Scholarly Resources: Reductions

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Reductions

Thanks for your participation in this process. The official comment period is now over.

In response to the campus mandated reduction in Library expenses,  $1.5 million in scholarly resource savings will be effective July 1, 2018. $1.5 million represents 7.9% the scholarly resources budget for content.

This process resulted in the following cuts:

Division/Dept.

$1.5M target Serial Cancel.       Monograph Reduct. serial percent monograph percent
Arts & Humanities $  305,079

$ 191,785

$  113,924

63%  37%
Bancroft $  130,839 $           0

$ 130,839

 0% 100%
East Asian Library $    63,678 $  24,899 $   38,799 39%  61%
Engineering & Physical Sciences $  387,302 $ 253,827 $ 133.475 66%  34%
Life & Health Sciences $  249,763 $ 177,592 $   72,169 71%  29%
Social Sciences $  363,339

$ 297,376

$   65,963 82%  18%
Totals $1,500,000 $ 945,480 $ 554,420 63%   37%

The Bancroft will also use about $130,000 from endowments to pay for salaries in lieu of collections, due to the operation cuts they, like other Library units, were asked to take.

For more information see "How the savings targets were set and managed" and "How the lists were proposed, vetted, and modified", below.

Titles/packages to be canceled

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How the savings targets were set and managed

 

 

We started by calculating the share of our materials budget currently spent on materials primarily identified with each subject division: Arts & Humanities, Engineering & Physical Sciences, Life & Health Sciences, Social Sciences, The Bancroft Library, and the East Asian Library. Since these budget shares are the result of years of discussions and accumulated decisions about how best to serve all faculty and students, across all disciplines, we wanted to implement the spending reduction in a way that didn't change these budget shares. Thus, each division was assigned a reduction target equal to its current budget share. These can be seen in the pie chart figure. We believe this is the most fair approach, or more accurately, reflects our best judgment over time about how to serve all faculty and students in a balanced way.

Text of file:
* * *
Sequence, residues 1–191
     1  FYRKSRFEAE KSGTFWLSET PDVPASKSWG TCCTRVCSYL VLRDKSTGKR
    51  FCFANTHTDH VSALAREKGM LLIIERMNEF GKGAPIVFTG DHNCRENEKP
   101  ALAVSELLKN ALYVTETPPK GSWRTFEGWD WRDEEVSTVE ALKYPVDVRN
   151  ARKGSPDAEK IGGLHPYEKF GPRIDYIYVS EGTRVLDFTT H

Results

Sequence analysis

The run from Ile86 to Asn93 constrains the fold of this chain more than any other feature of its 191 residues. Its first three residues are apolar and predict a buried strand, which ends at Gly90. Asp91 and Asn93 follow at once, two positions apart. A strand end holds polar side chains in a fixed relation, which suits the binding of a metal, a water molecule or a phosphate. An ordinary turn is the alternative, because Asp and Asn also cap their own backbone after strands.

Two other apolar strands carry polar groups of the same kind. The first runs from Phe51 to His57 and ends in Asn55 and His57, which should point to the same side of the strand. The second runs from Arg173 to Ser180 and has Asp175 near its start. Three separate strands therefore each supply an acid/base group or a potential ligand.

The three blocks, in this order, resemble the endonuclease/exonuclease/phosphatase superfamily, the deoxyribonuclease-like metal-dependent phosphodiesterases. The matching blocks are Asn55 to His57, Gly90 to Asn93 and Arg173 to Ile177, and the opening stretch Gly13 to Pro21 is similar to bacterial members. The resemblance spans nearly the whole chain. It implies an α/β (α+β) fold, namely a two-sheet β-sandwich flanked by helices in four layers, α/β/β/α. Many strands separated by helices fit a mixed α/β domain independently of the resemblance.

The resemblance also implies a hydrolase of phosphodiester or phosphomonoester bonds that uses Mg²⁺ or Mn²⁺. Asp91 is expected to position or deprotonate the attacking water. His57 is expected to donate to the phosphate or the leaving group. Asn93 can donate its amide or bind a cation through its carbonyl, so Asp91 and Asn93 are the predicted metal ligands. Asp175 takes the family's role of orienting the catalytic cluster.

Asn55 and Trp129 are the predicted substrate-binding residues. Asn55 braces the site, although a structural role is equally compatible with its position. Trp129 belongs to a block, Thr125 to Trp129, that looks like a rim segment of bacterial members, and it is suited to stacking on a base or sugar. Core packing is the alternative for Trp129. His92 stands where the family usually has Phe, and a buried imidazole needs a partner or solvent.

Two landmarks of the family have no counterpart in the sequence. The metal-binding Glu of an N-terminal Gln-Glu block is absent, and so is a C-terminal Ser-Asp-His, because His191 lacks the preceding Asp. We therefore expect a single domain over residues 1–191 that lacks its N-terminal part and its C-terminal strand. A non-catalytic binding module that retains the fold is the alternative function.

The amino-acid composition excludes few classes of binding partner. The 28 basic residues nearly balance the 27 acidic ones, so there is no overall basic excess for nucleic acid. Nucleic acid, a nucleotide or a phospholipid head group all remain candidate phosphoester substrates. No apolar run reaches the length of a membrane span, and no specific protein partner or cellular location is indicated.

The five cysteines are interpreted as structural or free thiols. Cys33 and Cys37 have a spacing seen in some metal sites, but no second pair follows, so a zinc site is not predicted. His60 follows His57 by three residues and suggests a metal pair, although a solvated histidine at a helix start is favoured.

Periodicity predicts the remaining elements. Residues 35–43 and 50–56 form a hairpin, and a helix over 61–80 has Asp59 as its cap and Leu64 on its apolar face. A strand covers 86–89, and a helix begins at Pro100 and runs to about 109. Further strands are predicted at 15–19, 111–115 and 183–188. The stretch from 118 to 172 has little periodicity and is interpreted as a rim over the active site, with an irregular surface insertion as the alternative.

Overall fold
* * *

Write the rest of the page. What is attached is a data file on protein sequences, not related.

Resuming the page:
The librarians in each division worked together to determine which specific cuts to recommend to meet their division's reduction target. Serial cancellation lists were prepared by looking for duplication of content, low-use material, and/or unusually high costs per use. Final cuts are being accomplished by a combination of serials cancellations and some one-time reductions to monographs. Since made within divisions, decisions on how much to reduce serials versus one-time purchases (e.g., monographs), reflect the different disciplinary preferences of campus researchers. In all cases, preserving essential content was each group's priority. 

How the lists were proposed, vetted, and modified

Subject librarians working in their broad subject groups, proposed an initial list of roughly 1,800 recurring subscriptions for cancellation. One subscription can represent a single title or a group of titles depending on publisher practices. Over 40% of the products being considered for cancellation are, in fact, duplications of content (e.g., titles have moved to online packages; became open access; print and/or microform titles to be canceled in favor of online).

This list was shared with campus via an online site, for a two-month comment period. The site received just under 6000 hits, with faculty and students emailing ~150 comments about specific titles.  As a result of this process, ~1600 subscriptions, down from 1800, will not be renewed.